Yomiuri, Mainichi, and Sankei wrote that Japanese and South Korean defense officials held a teleconference yesterday to discuss Tokyo’s allegation that an ROK Navy destroyer activated its fire control radar against an MSDF P1 aircraft in the Sea of Japan last week. The Korean side reportedly dismissed Tokyo’s statement that the alleged incident was regrettable and call for measures to prevent a recurrence by saying that its warship did nothing to endanger the Japanese patrol plane. The GOJ is reportedly set to release video today to prove the legitimacy of its claim. According to Yomiuri, the footage in question shows the close proximity of the ROK destroyer to the DPRK fishing boat, which the ROK side has said it was trying to locate by “search radar.” The Japanese side is reportedly confident that the video will prove that South Korea would not have had to use any type of radar in the first place since the DPRK trawler was close enough to be visible to the naked eye.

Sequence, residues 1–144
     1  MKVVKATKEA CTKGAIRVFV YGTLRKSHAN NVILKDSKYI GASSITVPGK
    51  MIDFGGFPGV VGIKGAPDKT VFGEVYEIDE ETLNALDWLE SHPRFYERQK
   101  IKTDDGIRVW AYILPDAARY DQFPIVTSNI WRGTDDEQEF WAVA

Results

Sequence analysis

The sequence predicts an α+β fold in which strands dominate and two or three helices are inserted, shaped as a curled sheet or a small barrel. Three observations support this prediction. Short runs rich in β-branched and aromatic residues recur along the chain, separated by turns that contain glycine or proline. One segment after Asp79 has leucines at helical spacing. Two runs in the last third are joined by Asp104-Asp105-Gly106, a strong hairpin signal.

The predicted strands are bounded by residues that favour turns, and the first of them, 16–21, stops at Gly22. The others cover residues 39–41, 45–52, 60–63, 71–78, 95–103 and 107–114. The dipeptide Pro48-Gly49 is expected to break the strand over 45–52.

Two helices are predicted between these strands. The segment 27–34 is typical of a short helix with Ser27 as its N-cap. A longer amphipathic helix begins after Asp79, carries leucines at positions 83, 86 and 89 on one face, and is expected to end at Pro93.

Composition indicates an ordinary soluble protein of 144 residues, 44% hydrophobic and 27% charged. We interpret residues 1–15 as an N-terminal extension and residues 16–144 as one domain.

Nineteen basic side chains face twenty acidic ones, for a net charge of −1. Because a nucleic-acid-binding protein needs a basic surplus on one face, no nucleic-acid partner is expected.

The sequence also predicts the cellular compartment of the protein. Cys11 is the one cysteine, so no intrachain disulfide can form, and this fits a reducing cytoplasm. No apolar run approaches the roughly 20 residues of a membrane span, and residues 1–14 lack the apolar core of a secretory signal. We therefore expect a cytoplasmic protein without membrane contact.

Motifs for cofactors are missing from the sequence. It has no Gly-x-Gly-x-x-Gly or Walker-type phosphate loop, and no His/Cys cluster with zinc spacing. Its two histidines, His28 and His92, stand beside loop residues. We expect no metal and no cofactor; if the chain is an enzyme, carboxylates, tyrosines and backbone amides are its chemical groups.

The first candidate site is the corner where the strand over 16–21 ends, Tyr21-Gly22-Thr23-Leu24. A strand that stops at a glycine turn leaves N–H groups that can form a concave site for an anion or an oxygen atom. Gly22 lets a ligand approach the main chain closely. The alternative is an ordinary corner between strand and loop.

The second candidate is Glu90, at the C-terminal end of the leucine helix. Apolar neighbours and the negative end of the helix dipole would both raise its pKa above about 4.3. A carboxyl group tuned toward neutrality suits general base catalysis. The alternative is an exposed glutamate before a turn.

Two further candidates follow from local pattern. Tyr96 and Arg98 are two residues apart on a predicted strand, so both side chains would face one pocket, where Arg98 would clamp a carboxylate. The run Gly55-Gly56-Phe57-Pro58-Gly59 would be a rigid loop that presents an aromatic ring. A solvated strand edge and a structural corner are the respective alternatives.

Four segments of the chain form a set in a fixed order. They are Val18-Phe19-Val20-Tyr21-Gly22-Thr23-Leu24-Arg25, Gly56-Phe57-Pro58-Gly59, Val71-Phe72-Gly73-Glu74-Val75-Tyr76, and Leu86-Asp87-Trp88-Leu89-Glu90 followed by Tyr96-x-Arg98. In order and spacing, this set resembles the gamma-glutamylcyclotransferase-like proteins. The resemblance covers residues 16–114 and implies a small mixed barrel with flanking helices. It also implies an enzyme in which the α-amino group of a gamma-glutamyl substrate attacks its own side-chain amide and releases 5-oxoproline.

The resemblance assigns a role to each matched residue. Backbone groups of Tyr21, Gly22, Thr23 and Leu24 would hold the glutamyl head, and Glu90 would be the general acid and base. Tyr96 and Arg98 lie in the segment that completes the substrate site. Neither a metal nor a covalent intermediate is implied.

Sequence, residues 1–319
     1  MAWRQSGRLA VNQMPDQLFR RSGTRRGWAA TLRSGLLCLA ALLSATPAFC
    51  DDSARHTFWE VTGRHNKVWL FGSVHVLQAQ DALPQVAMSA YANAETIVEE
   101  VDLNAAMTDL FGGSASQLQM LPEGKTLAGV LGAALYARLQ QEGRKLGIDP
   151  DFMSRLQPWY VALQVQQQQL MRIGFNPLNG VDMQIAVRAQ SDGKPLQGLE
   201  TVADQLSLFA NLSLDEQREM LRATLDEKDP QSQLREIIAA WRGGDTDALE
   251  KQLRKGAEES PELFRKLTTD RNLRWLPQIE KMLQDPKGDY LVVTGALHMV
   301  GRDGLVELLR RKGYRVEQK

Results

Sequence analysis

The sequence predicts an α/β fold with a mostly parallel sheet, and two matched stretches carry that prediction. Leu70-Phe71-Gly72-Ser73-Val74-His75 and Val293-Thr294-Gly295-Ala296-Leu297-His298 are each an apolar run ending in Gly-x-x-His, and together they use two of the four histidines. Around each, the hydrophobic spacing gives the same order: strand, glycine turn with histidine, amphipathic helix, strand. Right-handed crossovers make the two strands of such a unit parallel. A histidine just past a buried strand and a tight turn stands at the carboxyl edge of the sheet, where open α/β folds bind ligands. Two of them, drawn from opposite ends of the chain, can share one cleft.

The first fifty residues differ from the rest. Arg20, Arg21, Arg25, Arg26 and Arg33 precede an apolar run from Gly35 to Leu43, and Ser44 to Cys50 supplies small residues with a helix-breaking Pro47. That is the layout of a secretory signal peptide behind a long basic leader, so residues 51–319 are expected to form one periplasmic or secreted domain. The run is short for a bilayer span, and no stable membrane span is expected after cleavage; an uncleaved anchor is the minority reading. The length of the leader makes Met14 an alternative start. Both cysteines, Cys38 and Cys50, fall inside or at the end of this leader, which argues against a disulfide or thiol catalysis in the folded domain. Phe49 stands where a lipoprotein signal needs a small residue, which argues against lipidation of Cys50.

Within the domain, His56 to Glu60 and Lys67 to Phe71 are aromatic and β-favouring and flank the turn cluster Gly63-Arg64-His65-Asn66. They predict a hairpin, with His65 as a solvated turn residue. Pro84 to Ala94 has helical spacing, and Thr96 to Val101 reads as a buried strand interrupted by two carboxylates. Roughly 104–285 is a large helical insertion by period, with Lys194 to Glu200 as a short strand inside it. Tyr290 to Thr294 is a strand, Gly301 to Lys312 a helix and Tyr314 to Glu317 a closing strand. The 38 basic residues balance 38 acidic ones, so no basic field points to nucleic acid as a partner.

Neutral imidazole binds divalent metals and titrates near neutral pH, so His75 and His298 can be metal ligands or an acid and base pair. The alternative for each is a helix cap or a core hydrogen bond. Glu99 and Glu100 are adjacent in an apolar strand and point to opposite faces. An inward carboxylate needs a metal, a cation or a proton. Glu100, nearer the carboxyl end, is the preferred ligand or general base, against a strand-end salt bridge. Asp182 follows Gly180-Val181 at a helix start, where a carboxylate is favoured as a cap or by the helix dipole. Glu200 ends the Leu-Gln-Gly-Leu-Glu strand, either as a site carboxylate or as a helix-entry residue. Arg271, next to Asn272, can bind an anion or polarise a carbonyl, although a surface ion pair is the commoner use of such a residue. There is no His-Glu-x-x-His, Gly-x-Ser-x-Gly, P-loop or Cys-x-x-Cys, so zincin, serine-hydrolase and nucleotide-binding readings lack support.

Asahi, Nikkei, and Sankei each carried prominent articles on the deterioration of relations between Japan and South Korea, chronicling a range of incidents hurting bilateral ties in the past year, such as the dissolution of the Reconciliation and Healing Foundation for comfort women and the ROK Supreme Court’s rulings ordering Japanese steel companies to pay redress to Koreans requisitioned to work at their plants during Japan’s colonial rule of the Korean Peninsula. The dailies faulted the Moon administration for a series of steps that have frayed ties, with Asahi claiming that in the absence of Japan experts in the Blue House, the South Korean leader has attached more importance to his domestic supporters in conducting diplomacy toward Tokyo. Sankei wrote that Tokyo’s distrust of Seoul has reached a new peak, quoting an unnamed senior MOFA official as saying: “President Moon is not interested in Japan. I suspect that he doesn’t care about the prospects for Japan-Korean relations.”